An extended period during and following World War 1 (1914-1923) - 7,000-8,000 Royal Navy logbooks held in the UK National Archives containing instrumental pressure, air temperature and sea surface temperature data. Additional Royal Navy logbooks are being digitized to provide an extended duration of coverage much later into the 20th century (see example below).



Ship remarks books

British hydrographic and survey vessel remarks books (1759-1909) – 6,000 remarks books with weather observations useful to ACRE are held at the UK Hydrographic Office (UKHO). At a minimum, these books contain instrumental pressure, air temperature and sea surface temperature data. An inventory was completed at the end of August 2008, but no funds are available to image and digitise them.

Expeditions, travels, circumnavigations and ships of exploration

A small, on-going initiative under ACRE continues to digitise various marine and terrestrial weather data from printed/published books, journals, ship logbooks and reports that had been scanned and made generally available on the WWW – such as via Google Book Search. Though secondary sources, they often provided valuable insights into the type and extent of instrumental weather observations made, and sometimes are the only surviving source of data if the original material cannot be found or has been destroyed. The latter material was especially valuable in providing essential weather observations for Antarctic regions for the 20th Century Reanalysis Project: 1891-2008 and Brohan et al. (2010).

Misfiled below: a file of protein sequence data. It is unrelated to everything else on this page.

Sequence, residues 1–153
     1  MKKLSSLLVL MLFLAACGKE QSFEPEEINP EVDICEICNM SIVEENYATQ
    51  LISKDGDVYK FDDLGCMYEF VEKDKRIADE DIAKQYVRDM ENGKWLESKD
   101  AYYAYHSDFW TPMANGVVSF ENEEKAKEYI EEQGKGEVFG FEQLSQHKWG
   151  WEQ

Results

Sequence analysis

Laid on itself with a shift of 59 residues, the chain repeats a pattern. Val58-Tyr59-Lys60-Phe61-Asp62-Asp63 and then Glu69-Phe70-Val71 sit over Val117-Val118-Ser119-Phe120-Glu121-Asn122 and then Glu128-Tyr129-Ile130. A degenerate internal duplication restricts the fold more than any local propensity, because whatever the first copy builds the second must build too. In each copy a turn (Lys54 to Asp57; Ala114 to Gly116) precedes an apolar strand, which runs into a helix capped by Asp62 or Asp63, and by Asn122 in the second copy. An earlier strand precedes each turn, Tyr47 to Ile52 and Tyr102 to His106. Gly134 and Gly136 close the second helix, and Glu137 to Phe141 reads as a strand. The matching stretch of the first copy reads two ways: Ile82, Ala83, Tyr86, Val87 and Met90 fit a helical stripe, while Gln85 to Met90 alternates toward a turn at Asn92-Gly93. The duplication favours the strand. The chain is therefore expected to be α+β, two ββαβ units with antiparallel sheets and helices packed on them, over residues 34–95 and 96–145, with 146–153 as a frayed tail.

Inventory of historical Chinese and South China Sea instrumental weather observations